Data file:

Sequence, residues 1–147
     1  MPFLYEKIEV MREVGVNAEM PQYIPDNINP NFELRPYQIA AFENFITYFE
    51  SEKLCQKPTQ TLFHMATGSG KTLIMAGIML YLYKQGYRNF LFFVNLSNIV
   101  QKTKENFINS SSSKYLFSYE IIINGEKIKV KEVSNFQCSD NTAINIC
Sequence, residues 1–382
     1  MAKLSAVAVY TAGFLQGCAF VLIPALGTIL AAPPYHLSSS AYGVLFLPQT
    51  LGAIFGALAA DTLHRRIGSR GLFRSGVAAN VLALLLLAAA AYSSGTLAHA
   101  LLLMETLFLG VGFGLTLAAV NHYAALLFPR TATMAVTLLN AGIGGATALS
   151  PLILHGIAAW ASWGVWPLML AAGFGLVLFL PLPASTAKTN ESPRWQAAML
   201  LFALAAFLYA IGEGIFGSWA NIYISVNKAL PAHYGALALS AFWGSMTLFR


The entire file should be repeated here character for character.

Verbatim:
Sequence, residues 1–147
     1  MPFLYEKIEV MREVGVNAEM PQYIPDNINP NFELRPYQIA AFENFITYFE
    51  SEKLCQKPTQ TLFHMATGSG KTLIMAGIML YLYKQGYRNF LFFVNLSNIV
   101  QKTKENFINS SSSKYLFSYE IIINGEKIKV KEVSNFQCSD NTAINIC
Sequence, residues 1–382
     1  MAKLSAVAVY TAGFLQGCAF VLIPALGTIL AAPPYHLSSS AYGVLFLPQT
    51  LGAIFGALAA DTLHRRIGSR GLFRSGVAAN VLALLLLAAA AYSSGTLAHA
   101  LLLMETLFLG VGFGLTLAAV NHYAALLFPR TATMAVTLLN AGIGGATALS
   151  PLILHGIAAW ASWGVWPLML AAGFGLVLFL PLPASTAKTN ESPRWQAAML
   201  LFALAAFLYA IGEGIFGSWA NIYISVNKAL PAHYGALALS AFWGSMTLFR